gale sayers cause of death

Sports writer Kevin Blackistone discusses Gale Sayers’ impact with NPR’s Steve Inskeep. The former Chicago Bears running back, whose speed and agility stymied opponents, passed away on Wednesday.

Football, for all its violence, has its share of breathtakingly beautiful moments of motion, such as when a quarterback completes a long arcing pass or when watching an old video of running back Gale Sayers.

The star of the Chicago Bears did not bully his way past the opposition. And he moved, finding ways to escape precarious situations.

It’s true that he possessed a level of speed and cunning that the NFL had never before witnessed. Historically, running backs have been expected to be physical players. To put it another way, they had power.

They bulldozed through whoever or whatever was in their path and entered the end zone. Then this Kansas speed demon named The Comet showed up and made everyone else look like fools. Sometimes he’d put his leg out. You’d reach for it, but he’d shift it out of reach. Without a doubt, he’d vanish. To watch him perform was a sight to behold.

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Sayers Once Said, “All I Needed Was 18 Inches” To Evade A Tackler In A Confined Space

In 1971, Sayers’ friendship with his teammate Brian Piccolo, who died at age 26 from cancer, was the subject of “Brian’s Song,” a television movie that won an Emmy and brought him notoriety beyond the realm of football.

Sayers Once Said, All I Needed Was 18 Inches To Evade A Tackler In A Confined Space

After being a consensus all-American at the University of Kansas (where he was known as “the Kansas Comet”), Sayers opted to play for the more established N.F.L.’s Bears rather than the more promising AFL’s Kansas City Chiefs in 1965. And then he had one of the best rookie seasons ever.

He scored 22 touchdowns (including six in a single game) and led the league in all-purpose yards (2,272) and was named to the all-league team for the first time in a streak of five straight years.

With two other players before him, his rookie year performance of six touchdowns was among the greatest offensive displays ever in football. No professional football player has ever scored six touchdowns again.

Sayers accomplished this feat on December 12, 1965, in the mud of Wrigley Field, home of the Chicago Cubs, while playing against the San Francisco 49ers. Sayers was running on slippery patches of temporary turf.

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The Bears scored on a screen pass for 80 yards, two runs of 7 and 21 yards, a 50-yard run in the third quarter, a 1-yard run early in the fourth quarter, and an 85-yard punt return for a touchdown. They won 61-20.

Gale “Was One Of The Finest Men In NFL History And One Of The Game’s Most Exciting Players” Is An Understatement

Sayers was a two-time All-American at Kansas and a standout on the gridiron and the track for Omaha Central High School in Nebraska. He was also honored with induction into the College Football Hall of Fame. From the moment he was drafted by Chicago with the fourth overall pick in 1965, his ability to shimmy through defenses in spectacular fashion and generate dividends for the team was clear.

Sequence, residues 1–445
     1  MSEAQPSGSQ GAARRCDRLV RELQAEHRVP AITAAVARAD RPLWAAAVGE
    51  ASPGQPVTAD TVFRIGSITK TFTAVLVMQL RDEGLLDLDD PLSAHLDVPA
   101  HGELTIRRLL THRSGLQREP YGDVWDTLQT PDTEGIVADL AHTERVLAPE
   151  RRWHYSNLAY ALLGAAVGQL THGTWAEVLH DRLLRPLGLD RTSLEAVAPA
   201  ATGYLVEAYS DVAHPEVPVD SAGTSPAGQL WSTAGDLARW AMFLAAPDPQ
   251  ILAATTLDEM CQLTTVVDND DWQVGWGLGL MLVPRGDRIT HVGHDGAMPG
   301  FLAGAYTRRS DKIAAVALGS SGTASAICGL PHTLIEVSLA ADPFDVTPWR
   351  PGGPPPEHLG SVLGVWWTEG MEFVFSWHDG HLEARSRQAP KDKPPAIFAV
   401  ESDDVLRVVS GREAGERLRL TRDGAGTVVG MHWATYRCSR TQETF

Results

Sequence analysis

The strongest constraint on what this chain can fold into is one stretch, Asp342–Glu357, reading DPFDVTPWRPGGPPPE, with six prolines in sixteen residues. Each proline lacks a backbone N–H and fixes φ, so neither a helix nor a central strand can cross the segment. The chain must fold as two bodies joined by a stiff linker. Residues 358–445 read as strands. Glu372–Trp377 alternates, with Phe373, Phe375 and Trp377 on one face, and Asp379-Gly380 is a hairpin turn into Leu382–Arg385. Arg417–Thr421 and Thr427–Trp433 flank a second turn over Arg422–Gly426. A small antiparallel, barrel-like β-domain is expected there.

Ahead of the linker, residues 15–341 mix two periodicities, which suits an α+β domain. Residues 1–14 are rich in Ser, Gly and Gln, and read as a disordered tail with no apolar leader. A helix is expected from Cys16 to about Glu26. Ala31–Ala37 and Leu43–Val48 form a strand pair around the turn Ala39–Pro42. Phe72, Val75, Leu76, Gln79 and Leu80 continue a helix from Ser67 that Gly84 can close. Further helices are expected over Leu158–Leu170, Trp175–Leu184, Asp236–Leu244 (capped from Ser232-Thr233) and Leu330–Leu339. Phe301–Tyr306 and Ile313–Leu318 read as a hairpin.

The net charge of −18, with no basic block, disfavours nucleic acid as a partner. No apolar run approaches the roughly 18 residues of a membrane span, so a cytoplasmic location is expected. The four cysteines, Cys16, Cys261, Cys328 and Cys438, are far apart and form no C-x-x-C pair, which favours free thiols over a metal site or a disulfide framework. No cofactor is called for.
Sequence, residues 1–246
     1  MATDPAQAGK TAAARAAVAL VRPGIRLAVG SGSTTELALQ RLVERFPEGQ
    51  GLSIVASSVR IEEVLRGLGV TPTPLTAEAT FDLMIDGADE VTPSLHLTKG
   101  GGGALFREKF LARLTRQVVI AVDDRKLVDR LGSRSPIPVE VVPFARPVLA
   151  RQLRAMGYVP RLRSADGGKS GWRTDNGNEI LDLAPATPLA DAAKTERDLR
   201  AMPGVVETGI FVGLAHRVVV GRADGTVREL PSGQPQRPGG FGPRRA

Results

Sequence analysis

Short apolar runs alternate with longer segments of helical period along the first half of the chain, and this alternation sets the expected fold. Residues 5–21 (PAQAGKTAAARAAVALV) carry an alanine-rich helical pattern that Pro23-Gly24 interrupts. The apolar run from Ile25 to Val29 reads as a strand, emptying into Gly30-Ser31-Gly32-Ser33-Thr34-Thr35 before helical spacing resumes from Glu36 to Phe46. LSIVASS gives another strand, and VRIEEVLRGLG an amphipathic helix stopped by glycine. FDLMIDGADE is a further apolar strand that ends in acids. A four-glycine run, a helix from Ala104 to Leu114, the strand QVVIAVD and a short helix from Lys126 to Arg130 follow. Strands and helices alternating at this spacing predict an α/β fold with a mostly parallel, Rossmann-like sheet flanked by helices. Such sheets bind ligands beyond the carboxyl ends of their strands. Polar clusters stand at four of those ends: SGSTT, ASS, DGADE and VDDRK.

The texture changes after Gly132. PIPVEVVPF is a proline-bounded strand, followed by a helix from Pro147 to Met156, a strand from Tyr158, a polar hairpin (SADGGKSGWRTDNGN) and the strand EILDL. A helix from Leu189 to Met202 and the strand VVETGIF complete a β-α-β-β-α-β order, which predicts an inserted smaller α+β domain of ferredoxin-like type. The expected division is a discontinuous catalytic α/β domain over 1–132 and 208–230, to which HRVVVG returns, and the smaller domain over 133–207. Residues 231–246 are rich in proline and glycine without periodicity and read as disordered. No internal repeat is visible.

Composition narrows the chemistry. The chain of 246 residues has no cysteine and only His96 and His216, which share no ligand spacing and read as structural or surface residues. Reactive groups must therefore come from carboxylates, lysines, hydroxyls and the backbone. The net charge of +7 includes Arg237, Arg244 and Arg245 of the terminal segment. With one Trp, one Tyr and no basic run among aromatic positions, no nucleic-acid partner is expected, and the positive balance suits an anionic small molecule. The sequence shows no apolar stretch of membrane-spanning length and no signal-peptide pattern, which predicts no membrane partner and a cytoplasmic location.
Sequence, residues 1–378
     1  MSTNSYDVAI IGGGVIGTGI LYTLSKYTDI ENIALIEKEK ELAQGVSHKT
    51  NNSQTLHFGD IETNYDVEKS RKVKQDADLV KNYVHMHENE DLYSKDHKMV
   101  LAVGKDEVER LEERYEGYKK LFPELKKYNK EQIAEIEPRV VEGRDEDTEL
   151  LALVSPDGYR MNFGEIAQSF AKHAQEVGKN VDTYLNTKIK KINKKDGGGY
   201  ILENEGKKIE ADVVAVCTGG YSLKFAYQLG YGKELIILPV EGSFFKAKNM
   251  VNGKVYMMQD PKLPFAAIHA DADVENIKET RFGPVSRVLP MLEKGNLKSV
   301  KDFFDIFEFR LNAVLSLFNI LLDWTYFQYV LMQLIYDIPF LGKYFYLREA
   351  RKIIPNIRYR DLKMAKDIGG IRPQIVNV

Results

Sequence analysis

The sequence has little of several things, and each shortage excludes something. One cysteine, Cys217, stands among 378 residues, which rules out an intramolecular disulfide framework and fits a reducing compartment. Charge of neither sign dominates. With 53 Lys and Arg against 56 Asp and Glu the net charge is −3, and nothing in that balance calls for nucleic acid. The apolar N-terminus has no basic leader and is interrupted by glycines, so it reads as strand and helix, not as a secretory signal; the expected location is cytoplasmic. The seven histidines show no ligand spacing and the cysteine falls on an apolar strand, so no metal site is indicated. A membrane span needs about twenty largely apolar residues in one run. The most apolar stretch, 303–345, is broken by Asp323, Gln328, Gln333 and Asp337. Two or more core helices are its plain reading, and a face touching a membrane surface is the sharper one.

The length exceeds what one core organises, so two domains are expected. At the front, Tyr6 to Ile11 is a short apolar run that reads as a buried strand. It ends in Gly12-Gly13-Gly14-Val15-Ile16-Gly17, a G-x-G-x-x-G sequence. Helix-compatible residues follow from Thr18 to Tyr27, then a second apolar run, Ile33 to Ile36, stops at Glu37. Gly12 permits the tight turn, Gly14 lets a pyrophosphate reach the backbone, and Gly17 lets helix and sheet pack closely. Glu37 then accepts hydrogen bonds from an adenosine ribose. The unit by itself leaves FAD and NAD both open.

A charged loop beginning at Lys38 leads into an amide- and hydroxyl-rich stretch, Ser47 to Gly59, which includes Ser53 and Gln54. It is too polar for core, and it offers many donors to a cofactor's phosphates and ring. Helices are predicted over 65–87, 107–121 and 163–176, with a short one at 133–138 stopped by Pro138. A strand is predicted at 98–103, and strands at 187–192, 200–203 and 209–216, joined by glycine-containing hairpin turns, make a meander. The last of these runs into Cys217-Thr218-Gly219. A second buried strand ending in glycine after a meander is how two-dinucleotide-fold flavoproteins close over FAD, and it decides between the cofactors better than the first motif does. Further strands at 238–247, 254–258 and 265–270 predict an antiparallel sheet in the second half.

Gale Was One Of The Finest Men In NFL History And One Of The Game's Most Exciting Players Is An Understatement

In his rookie season, he scored 22 total touchdowns (14 on the ground, 6 through the air, 1 through punting, and 1 through a kickoff return), tying and breaking two NFL records. Sayers received all votes for Offensive Rookie of the Year.

Hall of Fame tight end and teammate of Sayers’ in 1965-1966 Mike Ditka once said, “I played football a long time, and I never saw a better football player than Gale Sayers.” I really mean that. Poetry in motion best describes him. Aside from that, he was an excellent human being. It’s a real shame that he’s no longer around. That man was unique.

Later in his career, Ditka coached Walter Payton, providing him with a unique opportunity to observe two of the game’s all-time great running backs in action. Perhaps the most impressive thing he witnessed was Sayers’ six-touchdown performance. During the game against the Giants, everyone on Wrigley Field was slipping and sliding due to the muddy conditions.

“He was playing on a different field than we were,” Ditka said. The field was slick and muddy, making movement difficult. Absolutely incredible. Amazing runs and cuts were coming from him.

During the first five of Sayers’ seven NFL seasons, he was a first-team All-Pro selection (1965-71). However, he was only able to play on mediocre Bears teams and, like his Hall of Fame teammate Dick Butkus,

who was also drafted in 1965, he never got to participate in the postseason. Sayers tried to come back from knee injuries for three years, but he only played in a total of 68 games.

Final Words

Sayers, then 70 years old and in peak physical condition, was diagnosed with dementia in 2013. The condition was most likely brought on by the severe impact, twisting, and shaking of his head that occurred with each tackle. The effects of dementia led to him losing the ability to even sign his name, and he passed away on September 23, 2020.

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  • Karan Sirari

    I am an author and a public speaker. I was born in India and have travelled to many different countries. I have a masters in public communication from California University and I love to write about famous peoples from different industries.

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